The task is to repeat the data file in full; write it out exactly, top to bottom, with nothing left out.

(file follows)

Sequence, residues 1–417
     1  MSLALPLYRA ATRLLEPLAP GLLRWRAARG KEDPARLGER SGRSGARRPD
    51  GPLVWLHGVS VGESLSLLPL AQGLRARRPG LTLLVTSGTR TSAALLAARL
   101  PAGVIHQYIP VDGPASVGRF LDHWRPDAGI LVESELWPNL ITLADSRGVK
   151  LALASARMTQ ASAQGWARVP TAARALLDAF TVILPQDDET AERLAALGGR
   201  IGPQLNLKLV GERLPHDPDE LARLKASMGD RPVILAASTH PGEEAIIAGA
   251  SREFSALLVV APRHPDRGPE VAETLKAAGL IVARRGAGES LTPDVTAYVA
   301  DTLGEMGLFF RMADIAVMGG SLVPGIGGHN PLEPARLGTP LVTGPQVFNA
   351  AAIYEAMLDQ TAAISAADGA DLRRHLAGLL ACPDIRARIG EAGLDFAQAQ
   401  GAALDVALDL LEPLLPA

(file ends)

Sequence, residues 1–417
     1  MSLALPLYRA ATRLLEPLAP GLLRWRAARG KEDPARLGER SGRSGARRPD
    51  GPLVWLHGVS VGESLSLLPL AQGLRARRPG LTLLVTSGTR TSAALLAARL
   101  PAGVIHQYIP VDGPASVGRF LDHWRPDAGI LVESELWPNL ITLADSRGVK
   151  LALASARMTQ ASAQGWARVP TAARALLDAF TVILPQDDET AERLAALGGR
   201  IGPQLNLKLV GERLPHDPDE LARLKASMGD RPVILAASTH PGEEAIIAGA
   251  SREFSALLVV APRHPDRGPE VAETLKAAGL IVARRGAGES LTPDVTAYVA
   301  DTLGEMGLFF RMADIAVMGG SLVPGIGGHN PLEPARLGTP LVTGPQVFNA
   351  AAIYEAMLDQ TAAISAADGA DLRRHLAGLL ACPDIRARIG EAGLDFAQAQ
   401  GAALDVALDL LEPLLPA